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Year : 2019  |  Volume : 10  |  Issue : 6  |  Page : 735-737  

A rare case of alternative medicine induced toxic epidermal necrolysis without mucosal involvement

1 Command Hospital AirForce, Bengaluru, Karnataka, India
2 Department of Dermatology, Venereology and Leprosy, Armed Forces Medical College, Pune, Maharashtra, India
3 Department of Dermatology, Venereology and Leprosy, 155 Base Hospital, Tezpur, Assam, India

Date of Web Publication1-Nov-2019

Correspondence Address:
Rajeshwari Dabas
Department of Dermatology, Venereology and Leprosy, Command Hospital Air Force, Old Airport Road, Bengaluru - 560 007, Karnataka
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Source of Support: None, Conflict of Interest: None

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How to cite this article:
Dabas R, Donaparthi N, Subramaniyan R, Janney MS. A rare case of alternative medicine induced toxic epidermal necrolysis without mucosal involvement. Indian Dermatol Online J 2019;10:735-7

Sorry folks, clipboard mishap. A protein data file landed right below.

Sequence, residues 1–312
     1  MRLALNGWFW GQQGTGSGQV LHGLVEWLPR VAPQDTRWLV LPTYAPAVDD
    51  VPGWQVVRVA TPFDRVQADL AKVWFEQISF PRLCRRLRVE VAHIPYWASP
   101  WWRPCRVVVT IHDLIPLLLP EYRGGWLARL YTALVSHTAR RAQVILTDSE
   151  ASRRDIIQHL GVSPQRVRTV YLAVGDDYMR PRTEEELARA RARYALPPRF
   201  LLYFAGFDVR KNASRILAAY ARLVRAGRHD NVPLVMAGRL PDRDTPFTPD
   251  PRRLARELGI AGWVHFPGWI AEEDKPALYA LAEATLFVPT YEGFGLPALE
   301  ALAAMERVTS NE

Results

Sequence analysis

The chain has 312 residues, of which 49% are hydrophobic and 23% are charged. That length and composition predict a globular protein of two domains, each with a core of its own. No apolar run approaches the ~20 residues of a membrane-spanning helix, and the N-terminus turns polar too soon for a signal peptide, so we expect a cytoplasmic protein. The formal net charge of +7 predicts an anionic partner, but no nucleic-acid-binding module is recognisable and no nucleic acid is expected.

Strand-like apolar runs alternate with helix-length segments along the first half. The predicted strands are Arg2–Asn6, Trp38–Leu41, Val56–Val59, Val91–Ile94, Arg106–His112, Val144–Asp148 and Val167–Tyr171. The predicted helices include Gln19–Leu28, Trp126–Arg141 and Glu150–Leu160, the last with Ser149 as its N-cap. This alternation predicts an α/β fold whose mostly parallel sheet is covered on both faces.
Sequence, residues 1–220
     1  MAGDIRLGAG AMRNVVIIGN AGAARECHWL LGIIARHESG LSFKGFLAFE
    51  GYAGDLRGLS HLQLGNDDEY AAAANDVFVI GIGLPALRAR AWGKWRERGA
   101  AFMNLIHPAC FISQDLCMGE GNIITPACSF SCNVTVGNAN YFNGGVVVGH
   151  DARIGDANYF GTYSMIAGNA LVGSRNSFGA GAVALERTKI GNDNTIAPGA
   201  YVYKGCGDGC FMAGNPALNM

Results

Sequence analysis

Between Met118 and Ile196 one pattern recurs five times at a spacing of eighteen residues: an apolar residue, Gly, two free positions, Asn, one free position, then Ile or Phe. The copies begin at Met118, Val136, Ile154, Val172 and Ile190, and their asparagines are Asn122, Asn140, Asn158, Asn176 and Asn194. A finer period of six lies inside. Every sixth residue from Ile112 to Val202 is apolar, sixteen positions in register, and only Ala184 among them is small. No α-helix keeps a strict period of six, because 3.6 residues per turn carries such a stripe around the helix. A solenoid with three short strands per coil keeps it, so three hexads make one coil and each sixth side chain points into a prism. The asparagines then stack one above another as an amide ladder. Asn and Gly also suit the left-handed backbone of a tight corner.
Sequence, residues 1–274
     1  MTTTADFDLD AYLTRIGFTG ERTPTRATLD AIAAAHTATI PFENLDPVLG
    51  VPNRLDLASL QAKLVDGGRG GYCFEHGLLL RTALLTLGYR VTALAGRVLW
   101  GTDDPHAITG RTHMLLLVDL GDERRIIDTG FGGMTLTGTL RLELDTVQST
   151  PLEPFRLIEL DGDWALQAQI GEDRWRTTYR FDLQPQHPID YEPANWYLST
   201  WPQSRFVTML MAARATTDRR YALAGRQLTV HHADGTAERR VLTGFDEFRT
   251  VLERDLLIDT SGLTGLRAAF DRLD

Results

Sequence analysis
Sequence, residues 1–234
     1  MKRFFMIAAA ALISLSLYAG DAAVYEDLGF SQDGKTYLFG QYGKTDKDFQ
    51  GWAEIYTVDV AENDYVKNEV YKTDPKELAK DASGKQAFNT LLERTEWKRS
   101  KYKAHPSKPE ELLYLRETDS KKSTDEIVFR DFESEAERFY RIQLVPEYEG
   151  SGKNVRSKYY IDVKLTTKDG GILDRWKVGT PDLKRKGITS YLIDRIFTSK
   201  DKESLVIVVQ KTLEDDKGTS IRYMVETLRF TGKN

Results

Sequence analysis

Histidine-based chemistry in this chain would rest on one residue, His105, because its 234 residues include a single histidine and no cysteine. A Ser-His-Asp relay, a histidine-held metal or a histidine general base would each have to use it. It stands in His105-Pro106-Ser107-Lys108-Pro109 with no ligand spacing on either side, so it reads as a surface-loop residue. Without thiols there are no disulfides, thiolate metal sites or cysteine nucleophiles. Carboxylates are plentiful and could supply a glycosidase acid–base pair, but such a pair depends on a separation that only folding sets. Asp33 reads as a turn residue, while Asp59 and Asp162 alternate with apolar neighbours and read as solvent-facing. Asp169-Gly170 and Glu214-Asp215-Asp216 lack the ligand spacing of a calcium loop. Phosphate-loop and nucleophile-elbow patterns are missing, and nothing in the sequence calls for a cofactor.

How to cite this URL:
Dabas R, Donaparthi N, Subramaniyan R, Janney MS. A rare case of alternative medicine induced toxic epidermal necrolysis without mucosal involvement. Indian Dermatol Online J [serial online] 2019 [cited 2022 Jan 27];10:735-7. Available from: https://www.idoj.in/text.asp?2019/10/6/735/261679


A 23-year-old female with no known comorbidities presented to our department with the complaints of multiple blisters all over the body since 2 days. She gave history of ingestion and widespread application of some traditional/alternative medicine for an itchy skin rash for about 15 days which was administered by native healers following which she developed the blisters. She was diagnosed as a case of varicella in a peripheral hospital and referred to us. There was no history of ingestion/application of similar preparations in the past. The patient had discarded the remaining medicines and was not carrying them at the time of presentation to us. Hence, the constituents could not be ascertained.